… the possibility that one of the identical twins Mike and Ike is in the quantum state E1 and the other in the quantum state E2 does not include two differentiable cases which are permuted on permuting Mike and Ike; it is impossible for either of these individuals to retain his identity so that one of them will always be able to say ‘I’m Mike’ and the other ‘I’m Ike.’ Even in principle one cannot demand an alibi of an electron! (Weyl 1931)

Recalling the discussion sketched in the Introduction, if we were to create a twin using some kind of Star trek replicator, say, then in the classical domain such a twin could insist that ‘I’m here and she’s there’ or, more generally, ‘I’m in this state and she’s in that one’ and ‘swapping us over makes a difference’. In the classical domain each (indistinguishable) twin has a metaphysical ‘alibi’ grounded in their individuality. Weyl’s point is that in quantum mechanics, they do not.

3. Quantum Individuality

This conclusion – that quantal objects are not individuals – is not the whole story, however. First of all, the contrast between classical and quantum physics with regard to individuality and non-individuality is not as straightforward as it might seem. As already indicated, the above account involving permutations of particles in boxes appears to fit nicely with an understanding of individuality in terms of Lockean substance or primitive thisness. However, one can give an alternative field-theoretic account in which particles are represented as dichotomic ‘Yes/No’ fields: with such a field, the field amplitude is simply ‘Yes’ at location \(x\) if the ‘particle’ is present at \(x\) and ‘No’ if it is not (Redhead 1983). On this account, individuality is conferred via spatio-temporal location together with the assumption of impenetrability mentioned in the Introduction. Thus the above account of particle individuality in terms of either Lockean substance or primitive thisness is not necessary for classical statistical mechanics.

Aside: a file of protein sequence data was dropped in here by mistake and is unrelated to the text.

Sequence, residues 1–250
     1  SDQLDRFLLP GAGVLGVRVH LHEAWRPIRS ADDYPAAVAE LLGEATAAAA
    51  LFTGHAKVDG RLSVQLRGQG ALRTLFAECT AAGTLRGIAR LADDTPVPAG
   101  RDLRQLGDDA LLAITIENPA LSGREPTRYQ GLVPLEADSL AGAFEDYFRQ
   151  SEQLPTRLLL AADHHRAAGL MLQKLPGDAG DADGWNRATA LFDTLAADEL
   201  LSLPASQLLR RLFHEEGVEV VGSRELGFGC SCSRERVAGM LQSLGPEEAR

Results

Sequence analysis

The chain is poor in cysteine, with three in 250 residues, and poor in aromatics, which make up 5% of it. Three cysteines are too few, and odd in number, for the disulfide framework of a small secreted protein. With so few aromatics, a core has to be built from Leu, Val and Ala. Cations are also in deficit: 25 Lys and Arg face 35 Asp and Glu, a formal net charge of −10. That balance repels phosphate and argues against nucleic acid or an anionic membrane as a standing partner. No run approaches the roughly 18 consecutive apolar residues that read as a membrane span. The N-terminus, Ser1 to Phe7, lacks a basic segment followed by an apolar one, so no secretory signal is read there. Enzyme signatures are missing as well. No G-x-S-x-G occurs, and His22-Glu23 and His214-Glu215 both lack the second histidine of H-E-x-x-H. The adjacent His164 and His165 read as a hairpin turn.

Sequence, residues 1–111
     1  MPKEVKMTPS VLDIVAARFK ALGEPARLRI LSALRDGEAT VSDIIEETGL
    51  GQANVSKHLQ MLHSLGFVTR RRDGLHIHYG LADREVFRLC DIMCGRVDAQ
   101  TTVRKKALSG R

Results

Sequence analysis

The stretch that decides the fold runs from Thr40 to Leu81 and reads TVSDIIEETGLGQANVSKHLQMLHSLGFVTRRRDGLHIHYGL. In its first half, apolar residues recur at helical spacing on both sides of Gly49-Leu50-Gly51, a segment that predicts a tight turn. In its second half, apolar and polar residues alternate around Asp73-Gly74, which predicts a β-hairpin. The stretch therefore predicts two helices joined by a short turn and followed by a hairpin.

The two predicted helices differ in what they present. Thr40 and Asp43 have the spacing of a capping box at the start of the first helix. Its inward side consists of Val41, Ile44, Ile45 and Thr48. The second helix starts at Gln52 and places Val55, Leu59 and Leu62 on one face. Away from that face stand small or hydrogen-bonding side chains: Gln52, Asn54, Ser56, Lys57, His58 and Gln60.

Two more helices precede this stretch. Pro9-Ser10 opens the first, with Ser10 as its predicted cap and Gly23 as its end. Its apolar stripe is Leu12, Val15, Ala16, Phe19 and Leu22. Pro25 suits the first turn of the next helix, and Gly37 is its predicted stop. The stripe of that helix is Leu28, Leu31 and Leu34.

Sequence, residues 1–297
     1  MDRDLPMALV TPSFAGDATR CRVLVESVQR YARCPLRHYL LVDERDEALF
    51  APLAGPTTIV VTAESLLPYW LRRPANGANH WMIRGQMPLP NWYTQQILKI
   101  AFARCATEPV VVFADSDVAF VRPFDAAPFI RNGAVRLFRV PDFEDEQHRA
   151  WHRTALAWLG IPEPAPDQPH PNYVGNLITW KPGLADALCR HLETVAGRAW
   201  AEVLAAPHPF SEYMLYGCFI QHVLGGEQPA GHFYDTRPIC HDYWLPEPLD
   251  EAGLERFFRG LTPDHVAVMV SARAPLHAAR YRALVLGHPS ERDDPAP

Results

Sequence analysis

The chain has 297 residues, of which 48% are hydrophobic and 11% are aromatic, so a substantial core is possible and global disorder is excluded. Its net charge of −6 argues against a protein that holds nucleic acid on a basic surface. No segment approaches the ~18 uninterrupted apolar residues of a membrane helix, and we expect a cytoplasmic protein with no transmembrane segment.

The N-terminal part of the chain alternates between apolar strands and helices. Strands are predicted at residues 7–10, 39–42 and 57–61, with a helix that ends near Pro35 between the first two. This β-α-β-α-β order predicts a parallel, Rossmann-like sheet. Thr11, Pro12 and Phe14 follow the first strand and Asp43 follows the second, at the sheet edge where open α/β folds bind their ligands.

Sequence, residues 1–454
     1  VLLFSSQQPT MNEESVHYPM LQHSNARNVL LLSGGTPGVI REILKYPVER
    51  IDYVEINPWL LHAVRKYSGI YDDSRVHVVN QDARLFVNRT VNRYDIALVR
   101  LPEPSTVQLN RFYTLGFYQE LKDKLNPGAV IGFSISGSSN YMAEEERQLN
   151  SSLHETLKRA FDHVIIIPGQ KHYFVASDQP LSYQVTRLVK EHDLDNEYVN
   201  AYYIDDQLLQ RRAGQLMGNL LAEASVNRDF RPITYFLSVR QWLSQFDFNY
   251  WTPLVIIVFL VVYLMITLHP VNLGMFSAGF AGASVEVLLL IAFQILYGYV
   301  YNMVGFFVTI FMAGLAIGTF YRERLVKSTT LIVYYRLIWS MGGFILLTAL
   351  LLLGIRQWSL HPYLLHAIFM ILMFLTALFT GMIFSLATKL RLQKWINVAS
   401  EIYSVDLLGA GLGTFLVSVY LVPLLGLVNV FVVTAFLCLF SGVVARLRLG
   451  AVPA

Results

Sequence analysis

The particles-and-boxes picture above corresponds to the physicists’ multidimensional ‘phase space’, which describes which individuals have which properties, whereas the field- theoretic representation corresponds to ‘distribution space’, which simply describes which properties are instantiated in what numbers. Huggett has pointed out that the former supports haecceitism, whereas the latter does not and, furthermore, that the empirical evidence provides no basis for choosing between these two spaces (Huggett 1999a). Thus the claim that classical statistical mechanics is wedded to haecceitism also becomes suspect.